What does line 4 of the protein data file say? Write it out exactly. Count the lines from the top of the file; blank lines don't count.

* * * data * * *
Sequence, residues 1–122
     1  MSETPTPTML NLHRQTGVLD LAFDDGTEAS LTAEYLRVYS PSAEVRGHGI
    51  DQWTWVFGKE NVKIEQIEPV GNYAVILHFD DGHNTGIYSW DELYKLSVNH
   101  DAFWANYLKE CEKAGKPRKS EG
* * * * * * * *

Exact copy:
   101  DAFWANYLKE CEKAGKPRKS EG